Texas billionaire H. Ross Perot dies at 89
DALLAS — H. Ross Perot, the colorful, self-made Texas billionaire who rose from a childhood of Depression-era poverty and twice ran for president as a third-party candidate, has died. He was 89.
Perot, whose 19% of the vote in 1992 stands among the best showings by an independent candidate in the past century, died early Tuesday at his home in Dallas surrounded by his devoted family, family spokesman James Fuller said.
As a boy in Texarkana, Texas, Perot delivered newspapers from the back of a pony. He earned his billions in a more modern way, however. After attending the U.S. Naval Academy and becoming a salesman for IBM, he went his own way — creating and building Electronic Data Systems Corp., which helped other companies manage their computer networks.
Yet the most famous event in his business career didn't involve sales and earnings; he financed a private commando raid in 1979 to free two EDS employees who were being held in a prison in Iran. The tale was turned into a book and a movie.
"I always thought of him as stepping out of a Norman Rockwell painting and living the American dream," said Tom Luce, who was a young lawyer when Perot hired him to handle his business and personal legal work. "A newspaper boy, a midshipman, shaking Dwight Eisenhower's hand at his graduation, and he really built the computer-services industry at EDS."
"He had the vision and the tenacity to make it happen," Luce said. "He was a great communicator. He never employed a speechwriter — he wrote all his own speeches. He was a great storyteller."
Perot first became known to Americans outside of business circles by claiming that the U.S. government left behind hundreds of American soldiers who were missing or imprisoned at the end of the Vietnam War. Perot fanned the issue at home and discussed it privately with Vietnamese officials in the 1980s, angering the Reagan administration, which was formally negotiating with Vietnam's government.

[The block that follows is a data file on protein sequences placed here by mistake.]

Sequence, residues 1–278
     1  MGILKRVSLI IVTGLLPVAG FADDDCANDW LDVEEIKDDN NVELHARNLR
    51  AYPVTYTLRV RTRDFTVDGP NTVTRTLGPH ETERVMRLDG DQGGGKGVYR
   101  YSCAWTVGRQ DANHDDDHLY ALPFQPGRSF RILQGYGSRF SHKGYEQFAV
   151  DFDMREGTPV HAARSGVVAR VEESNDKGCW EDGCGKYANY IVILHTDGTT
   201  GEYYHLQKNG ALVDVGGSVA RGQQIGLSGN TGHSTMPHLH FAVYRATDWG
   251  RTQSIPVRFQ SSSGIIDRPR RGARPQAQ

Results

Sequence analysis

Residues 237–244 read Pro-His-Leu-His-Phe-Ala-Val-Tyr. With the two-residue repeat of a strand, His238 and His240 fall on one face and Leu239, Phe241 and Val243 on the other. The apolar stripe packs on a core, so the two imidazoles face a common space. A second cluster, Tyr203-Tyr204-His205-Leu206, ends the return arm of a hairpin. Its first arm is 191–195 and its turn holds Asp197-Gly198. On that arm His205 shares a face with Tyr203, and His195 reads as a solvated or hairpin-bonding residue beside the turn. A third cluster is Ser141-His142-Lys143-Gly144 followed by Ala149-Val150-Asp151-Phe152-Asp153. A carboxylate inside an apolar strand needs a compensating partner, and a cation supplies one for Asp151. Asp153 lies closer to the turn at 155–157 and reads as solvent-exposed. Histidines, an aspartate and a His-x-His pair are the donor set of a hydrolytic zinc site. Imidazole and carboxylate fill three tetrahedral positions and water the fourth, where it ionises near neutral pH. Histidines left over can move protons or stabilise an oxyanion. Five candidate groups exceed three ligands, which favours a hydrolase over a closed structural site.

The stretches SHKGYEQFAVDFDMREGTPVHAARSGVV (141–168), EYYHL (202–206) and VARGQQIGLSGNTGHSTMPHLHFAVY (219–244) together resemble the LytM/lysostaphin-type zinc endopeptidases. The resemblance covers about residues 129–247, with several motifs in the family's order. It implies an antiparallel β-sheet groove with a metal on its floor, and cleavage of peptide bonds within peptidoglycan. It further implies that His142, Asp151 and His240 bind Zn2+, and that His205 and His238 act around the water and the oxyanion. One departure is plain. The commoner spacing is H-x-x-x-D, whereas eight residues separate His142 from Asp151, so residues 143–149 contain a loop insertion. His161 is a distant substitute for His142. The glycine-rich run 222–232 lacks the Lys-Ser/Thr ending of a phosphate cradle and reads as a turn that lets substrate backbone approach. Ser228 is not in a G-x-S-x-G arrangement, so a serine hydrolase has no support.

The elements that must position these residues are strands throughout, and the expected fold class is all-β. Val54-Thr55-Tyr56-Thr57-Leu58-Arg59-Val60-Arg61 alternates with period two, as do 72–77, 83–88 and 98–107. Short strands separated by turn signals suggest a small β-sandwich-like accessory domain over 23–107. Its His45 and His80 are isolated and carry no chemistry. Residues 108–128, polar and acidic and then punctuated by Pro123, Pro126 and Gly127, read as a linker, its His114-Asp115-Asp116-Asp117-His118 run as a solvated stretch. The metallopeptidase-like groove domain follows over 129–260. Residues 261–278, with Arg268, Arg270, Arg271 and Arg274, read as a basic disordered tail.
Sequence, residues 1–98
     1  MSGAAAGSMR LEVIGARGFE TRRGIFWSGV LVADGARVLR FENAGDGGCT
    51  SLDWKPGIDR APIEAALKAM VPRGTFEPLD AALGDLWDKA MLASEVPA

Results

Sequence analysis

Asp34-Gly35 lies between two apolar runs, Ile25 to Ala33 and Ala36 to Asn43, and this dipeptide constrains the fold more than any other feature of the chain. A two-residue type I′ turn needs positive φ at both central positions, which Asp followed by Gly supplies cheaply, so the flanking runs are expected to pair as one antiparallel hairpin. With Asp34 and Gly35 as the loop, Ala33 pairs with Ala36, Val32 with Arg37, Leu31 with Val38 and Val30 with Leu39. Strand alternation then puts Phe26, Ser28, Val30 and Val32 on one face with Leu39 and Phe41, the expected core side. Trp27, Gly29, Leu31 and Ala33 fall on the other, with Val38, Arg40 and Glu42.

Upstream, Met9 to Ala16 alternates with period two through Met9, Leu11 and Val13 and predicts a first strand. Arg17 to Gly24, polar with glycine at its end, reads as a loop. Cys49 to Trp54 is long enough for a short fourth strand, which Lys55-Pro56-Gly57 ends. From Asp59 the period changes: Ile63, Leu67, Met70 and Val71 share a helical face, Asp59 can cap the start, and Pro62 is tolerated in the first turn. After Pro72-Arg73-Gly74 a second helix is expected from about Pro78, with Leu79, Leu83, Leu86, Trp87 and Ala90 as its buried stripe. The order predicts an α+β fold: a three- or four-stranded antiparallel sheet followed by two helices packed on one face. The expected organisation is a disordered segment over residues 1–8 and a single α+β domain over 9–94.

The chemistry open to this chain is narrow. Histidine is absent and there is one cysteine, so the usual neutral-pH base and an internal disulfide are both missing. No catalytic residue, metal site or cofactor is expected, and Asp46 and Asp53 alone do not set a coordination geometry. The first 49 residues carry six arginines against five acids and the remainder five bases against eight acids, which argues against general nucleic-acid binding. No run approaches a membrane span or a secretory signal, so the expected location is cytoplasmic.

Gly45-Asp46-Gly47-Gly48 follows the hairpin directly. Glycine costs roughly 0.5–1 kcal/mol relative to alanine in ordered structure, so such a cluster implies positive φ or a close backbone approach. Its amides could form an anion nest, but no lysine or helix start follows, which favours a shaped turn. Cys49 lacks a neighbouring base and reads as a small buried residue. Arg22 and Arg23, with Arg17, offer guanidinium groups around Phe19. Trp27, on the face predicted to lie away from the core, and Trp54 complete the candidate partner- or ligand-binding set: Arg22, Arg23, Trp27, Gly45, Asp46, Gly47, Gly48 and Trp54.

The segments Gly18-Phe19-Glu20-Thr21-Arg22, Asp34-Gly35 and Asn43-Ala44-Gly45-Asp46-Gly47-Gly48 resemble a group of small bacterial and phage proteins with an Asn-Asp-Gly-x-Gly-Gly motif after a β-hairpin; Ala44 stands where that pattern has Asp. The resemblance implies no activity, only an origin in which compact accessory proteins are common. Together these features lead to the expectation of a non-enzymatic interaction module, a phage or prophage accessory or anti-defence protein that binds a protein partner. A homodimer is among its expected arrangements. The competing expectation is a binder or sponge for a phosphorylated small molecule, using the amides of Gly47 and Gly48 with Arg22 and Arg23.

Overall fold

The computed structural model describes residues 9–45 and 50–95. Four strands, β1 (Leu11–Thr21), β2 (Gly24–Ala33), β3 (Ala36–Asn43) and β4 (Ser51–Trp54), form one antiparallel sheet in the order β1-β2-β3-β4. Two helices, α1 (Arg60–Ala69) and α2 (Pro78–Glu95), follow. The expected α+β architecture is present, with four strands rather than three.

Perot's wealth, fame and confident prescription for the nation's economic ills propelled his 1992 campaign against President George H.W. Bush and Democratic challenger Bill Clinton. Some Republicans blamed him for Bush's loss to Clinton as Perot garnered the largest percentage of votes for a third-party candidate since former President Theodore Roosevelt's 1912 bid.
During the campaign, Perot spent $63.5 million of his own money and bought 30-minute television spots. He used charts and graphs to make his points, summarizing them with a line that became a national catchphrase: "It's just that simple."
Perot's second campaign four years later was far less successful. He was shut out of presidential debates when organizers said he lacked sufficient support. He got just 8% of the vote, and the Reform Party that he founded and hoped to build into a national political force began to fall apart.
However, Perot's ideas on trade and deficit reduction remained part of the political landscape. He blamed both major parties for running up a huge federal budget deficit and allowing American jobs to be sent to other countries. The movement of U.S. jobs to Mexico, he said, created a "giant sucking sound."
Perot continued to speak out about federal spending for many years. In 2008, he launched a website to highlight the nation's debt with a ticker that tracked the rising total, a blog and a chart presentation.